Alice Waters is the visionary chef and owner of Chez Panisse in Berkeley, California. She is the author of four cookbooks, including Chez Panisse Vegetables and Fanny at Chez Panisse. In 1994 she founded the Edible schoolyard at Berkeley's Martin Luther King Jr. Middle School, a model curriculum that integrates organic gardening into academic classes and into the life of the school; it will soon incorporate a school lunch program in which students will prepare, serve, and share food they grow themselves, augmented by organic dairy products, grains, fruits, vegetables, meat, and fish--all locally and sustainably produced.David Lance Goines is a Berkeley printer and designer whose friendship with Alice Waters goes back more than thirty years. His famous posters, including his annual Chez Panisse birthday posters, are in the permanent Collections of the Smithsonian Institution in Washington D.C., the Musee des Arts Decoratifs at the Louvre in Paris, the Achenbach Foundation at the California Palace of the Legion of Honor in San Francisco.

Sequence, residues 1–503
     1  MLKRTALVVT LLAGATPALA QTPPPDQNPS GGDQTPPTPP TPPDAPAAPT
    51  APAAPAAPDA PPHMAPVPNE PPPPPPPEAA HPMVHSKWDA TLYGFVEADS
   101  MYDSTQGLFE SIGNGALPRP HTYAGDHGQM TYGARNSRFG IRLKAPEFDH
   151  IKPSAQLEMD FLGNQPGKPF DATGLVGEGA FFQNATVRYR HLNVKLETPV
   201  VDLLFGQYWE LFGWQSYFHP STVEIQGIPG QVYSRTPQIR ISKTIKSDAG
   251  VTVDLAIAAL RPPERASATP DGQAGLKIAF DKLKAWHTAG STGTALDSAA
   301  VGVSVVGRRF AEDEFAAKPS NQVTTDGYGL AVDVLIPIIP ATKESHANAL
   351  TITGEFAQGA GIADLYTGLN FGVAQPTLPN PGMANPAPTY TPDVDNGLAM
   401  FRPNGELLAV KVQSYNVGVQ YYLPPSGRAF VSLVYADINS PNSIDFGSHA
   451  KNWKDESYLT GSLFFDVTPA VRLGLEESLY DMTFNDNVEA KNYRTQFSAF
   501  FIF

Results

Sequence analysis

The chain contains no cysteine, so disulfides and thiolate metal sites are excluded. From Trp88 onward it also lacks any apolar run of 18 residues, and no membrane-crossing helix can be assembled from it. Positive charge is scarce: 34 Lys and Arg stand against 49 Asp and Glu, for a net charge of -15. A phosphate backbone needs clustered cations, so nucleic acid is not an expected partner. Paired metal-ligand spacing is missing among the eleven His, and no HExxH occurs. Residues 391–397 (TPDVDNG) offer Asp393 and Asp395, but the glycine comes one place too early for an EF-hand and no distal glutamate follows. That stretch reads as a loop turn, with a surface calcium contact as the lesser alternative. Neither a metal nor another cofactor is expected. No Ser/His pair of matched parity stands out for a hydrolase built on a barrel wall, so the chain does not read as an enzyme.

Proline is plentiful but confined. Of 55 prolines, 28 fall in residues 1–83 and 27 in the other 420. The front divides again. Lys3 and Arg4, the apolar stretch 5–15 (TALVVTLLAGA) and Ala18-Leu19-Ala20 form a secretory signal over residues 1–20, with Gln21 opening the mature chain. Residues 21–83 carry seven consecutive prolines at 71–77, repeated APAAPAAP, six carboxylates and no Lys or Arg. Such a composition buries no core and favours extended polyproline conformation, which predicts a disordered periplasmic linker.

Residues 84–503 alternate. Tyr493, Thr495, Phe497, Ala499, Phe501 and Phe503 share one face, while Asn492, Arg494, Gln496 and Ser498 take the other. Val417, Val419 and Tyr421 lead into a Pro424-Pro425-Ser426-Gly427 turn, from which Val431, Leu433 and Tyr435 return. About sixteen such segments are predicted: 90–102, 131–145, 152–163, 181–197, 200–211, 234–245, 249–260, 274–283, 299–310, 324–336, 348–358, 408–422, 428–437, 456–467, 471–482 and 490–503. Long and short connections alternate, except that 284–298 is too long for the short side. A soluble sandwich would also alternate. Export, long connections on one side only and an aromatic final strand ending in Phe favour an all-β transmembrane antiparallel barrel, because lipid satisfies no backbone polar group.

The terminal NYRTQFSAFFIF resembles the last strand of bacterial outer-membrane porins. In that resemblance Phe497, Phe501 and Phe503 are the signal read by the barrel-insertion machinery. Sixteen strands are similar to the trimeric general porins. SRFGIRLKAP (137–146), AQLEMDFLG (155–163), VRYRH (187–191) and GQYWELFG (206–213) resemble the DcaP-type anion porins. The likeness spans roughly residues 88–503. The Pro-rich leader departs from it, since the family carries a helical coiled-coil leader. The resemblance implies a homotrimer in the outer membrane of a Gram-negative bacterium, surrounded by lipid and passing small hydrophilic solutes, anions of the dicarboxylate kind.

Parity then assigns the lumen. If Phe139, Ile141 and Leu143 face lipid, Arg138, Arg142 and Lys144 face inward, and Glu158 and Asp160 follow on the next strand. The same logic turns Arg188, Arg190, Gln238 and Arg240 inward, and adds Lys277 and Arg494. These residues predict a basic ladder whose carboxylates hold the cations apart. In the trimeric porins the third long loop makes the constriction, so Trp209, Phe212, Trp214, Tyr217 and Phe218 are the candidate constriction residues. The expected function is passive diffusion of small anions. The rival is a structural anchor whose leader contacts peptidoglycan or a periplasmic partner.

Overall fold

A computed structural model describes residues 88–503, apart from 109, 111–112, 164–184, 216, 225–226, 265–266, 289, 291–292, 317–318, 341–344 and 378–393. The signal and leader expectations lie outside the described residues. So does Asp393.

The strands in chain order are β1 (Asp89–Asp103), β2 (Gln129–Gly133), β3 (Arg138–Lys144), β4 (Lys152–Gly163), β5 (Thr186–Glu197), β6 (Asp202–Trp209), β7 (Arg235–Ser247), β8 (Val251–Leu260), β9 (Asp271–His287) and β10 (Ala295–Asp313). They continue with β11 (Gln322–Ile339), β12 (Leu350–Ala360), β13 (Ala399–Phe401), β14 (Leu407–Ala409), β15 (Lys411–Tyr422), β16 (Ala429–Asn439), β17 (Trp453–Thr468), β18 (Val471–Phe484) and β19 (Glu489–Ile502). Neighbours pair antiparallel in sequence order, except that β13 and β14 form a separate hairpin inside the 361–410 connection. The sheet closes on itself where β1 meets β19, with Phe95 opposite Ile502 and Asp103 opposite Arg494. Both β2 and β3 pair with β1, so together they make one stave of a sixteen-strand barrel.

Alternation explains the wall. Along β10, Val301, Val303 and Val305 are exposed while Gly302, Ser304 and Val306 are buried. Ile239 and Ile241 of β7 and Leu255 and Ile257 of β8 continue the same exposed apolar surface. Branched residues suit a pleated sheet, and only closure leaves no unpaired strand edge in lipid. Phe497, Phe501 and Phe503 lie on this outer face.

Fanny is none other than the seven-year-old daughter of Waters, lending her voice here to tell the story of a child's life--her own--at Chez Panisse, her mother's celebrated restaurant in Berkeley, Calif. This device does not quite work; the writing is arch and flat by turns. It's hard to believe, for example, that even the most ingenuous nymph would let slip, ``Chez Panisse means `Panisse's house' in French. Fanny just means Fanny. My mom got both our names from an old French movie. . . . The movies always make my mom laugh and cry. I can make my mom laugh and cry, too, but it's not quite the same.''4 The book contains 46 recipes, all Fanny's: ``Some of them I learned from my mom and my friends and . . . others I've just made up.'' A few are simplistic, like lettuce salad: ``I like salad with lots of different kinds of lettuce. . . . Choose lettuce carefully. Small lettuces are more tender than large overgrown ones. Fresh lettuce looks like it's still growing.'' Garlic mayonnaise seems too complicated for the skills and attention of young children such as Fanny, who would have to add oil to egg yolk `` drop by drop '' and later thin the mixture with several additions of half-teaspoons of warm water.74 The many line drawings are airy and charming. (Oct.)